“There’s a scream inside that we all try to hide
We hold on so tight, but we cannot deny,
It eats us alive…”
This is an excerpt from the song “Bird Set Free” by Sia Kate Isobelle Furler. It’s a favourite of mine because it depicts how tough it is to open up and speak about difficult topics, especially for people who have had their trust broken repeatedly.
Whether you’re the introvert whom everyone tries to get out of the shell, or the extrovert that everyone assumes doesn’t need the help and catharsis of deep one-on-one conversations, we all find it difficult on different levels to open up to others.
Whether it’s discussing your fears and goals with a mentor, having a particularly unpleasant honest discussion with a close friend, or being open with God about your personal struggles, finding the courage to have these conversations takes off a considerable weight off the shouldTweet
To help open up about these subjects, here are a few pointers.
Before sharing with another person, it is important to understand what the issue is and your feelings concerning it.
There are different approaches to understanding your emotions. Music, writing or art could be good therapy, as well as asking yourself basic questions like “When did this begin?”, “How do I feel about this?”, “What went wrong?”, or “What do I need to do better?”, in an attempt to get a grip on those feelings, whatever they may be, before sharing them with a trusted person.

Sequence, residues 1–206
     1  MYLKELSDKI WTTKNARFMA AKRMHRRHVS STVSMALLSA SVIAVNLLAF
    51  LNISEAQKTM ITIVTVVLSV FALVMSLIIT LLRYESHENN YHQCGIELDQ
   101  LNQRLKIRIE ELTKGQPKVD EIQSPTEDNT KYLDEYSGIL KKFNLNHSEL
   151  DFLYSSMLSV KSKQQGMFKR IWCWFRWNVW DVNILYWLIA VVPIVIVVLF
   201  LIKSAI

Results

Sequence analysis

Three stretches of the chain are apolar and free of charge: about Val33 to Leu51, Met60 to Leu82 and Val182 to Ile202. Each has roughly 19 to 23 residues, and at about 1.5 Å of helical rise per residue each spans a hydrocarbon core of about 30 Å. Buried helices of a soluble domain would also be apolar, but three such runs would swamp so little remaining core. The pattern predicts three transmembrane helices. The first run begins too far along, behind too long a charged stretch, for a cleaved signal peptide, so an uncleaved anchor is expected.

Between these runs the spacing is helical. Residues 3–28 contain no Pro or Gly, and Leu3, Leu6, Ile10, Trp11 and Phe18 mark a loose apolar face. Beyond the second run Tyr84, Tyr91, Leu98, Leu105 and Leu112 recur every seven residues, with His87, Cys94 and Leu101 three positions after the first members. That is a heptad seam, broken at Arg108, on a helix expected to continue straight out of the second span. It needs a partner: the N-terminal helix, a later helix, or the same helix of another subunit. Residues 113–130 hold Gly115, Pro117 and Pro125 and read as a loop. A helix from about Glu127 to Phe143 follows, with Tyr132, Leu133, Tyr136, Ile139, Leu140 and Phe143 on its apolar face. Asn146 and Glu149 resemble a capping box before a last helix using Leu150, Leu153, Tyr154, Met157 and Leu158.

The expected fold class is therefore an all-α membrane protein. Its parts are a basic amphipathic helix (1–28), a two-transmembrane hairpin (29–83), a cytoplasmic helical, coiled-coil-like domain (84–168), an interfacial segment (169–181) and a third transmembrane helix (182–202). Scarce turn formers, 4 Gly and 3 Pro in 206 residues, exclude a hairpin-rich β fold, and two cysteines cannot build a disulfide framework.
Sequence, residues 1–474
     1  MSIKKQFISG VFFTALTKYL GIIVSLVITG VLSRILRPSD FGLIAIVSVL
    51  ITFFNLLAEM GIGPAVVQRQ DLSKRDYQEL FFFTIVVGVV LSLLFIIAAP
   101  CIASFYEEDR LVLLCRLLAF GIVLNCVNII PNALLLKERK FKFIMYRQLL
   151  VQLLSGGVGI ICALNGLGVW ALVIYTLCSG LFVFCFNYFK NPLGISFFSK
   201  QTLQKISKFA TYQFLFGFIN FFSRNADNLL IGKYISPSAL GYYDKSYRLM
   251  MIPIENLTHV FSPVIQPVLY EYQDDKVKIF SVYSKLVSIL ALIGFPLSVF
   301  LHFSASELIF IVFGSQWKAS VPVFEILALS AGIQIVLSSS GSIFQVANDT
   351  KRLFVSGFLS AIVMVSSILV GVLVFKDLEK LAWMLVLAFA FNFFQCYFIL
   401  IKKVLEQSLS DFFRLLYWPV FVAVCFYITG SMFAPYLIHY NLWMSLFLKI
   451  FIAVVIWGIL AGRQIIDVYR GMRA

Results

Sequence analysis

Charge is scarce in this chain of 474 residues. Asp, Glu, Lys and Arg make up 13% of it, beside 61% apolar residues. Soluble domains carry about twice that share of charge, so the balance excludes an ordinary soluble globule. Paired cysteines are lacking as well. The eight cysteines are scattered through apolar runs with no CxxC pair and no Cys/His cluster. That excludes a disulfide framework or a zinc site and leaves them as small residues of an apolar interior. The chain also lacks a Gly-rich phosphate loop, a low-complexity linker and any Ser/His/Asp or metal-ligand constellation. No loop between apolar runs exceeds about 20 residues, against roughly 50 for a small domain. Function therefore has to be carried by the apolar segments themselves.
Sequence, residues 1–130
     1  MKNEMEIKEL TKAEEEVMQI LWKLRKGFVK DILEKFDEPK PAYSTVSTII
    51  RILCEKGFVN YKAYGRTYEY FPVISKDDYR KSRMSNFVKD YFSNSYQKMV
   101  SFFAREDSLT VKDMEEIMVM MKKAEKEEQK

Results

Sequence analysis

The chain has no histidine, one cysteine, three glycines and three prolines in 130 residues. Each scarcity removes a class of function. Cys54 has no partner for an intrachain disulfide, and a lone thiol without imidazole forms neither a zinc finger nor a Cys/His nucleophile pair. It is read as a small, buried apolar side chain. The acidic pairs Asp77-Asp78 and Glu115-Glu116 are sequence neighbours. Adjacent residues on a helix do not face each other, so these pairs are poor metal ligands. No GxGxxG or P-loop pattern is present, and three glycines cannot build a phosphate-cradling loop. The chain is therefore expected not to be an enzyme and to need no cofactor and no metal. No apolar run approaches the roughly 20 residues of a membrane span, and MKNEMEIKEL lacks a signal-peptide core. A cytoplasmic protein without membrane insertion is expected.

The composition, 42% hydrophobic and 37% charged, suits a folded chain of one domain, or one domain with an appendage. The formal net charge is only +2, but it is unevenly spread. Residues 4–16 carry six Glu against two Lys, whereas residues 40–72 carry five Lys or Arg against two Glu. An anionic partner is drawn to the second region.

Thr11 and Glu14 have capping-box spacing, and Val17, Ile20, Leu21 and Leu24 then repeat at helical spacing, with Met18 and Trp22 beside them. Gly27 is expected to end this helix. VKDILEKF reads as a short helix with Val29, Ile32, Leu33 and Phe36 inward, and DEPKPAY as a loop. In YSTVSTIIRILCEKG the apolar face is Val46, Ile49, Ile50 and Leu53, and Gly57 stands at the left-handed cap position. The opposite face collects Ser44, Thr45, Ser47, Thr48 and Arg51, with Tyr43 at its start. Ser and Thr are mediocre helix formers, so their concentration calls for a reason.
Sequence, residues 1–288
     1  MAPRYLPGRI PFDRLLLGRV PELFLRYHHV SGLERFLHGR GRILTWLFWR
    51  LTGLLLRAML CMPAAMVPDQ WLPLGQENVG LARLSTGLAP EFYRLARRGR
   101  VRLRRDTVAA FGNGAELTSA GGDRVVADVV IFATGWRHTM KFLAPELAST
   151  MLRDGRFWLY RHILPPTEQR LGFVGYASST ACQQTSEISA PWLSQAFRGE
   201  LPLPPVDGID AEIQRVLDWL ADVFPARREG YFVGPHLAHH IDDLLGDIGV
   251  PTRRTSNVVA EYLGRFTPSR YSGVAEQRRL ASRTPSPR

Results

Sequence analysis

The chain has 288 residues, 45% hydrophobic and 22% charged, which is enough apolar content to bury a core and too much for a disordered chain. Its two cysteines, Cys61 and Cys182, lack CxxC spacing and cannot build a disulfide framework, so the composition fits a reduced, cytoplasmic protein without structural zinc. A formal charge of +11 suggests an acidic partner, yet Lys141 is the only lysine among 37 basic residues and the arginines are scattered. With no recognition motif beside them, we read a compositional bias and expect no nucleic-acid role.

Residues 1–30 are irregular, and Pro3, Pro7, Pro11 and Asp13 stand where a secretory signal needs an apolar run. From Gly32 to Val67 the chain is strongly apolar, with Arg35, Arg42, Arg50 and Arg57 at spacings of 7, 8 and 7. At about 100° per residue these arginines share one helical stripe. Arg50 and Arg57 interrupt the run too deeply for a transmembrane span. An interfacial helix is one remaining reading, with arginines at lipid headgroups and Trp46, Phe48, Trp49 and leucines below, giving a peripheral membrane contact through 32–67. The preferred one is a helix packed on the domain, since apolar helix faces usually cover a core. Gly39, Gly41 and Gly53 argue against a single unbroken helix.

If you’re on the other side of this table, know that helping another person understand their feelings instead of offering blind sympathy does so much more in the way of dealing with these issues.
Speak to someone you trust
Trust is difficult to build, but it is necessary to have at least one person at every point in time, in whom you can confide. Ensure that he/she is a person of like orientation, who can listen without judgement, empathise, and give the best advice possible when needed.
If you’re on the other side of this table as well, try to put yourself in the shoes of whoever is confiding in you and treat them the way you’d want to be treated. Be a listening ear if that’s all they need, and help them find solutions to whatever the problem might be.
Whatever the outcome of your tough-talk might be, start to work on yourself mentally, emotionally, and physically to come out better!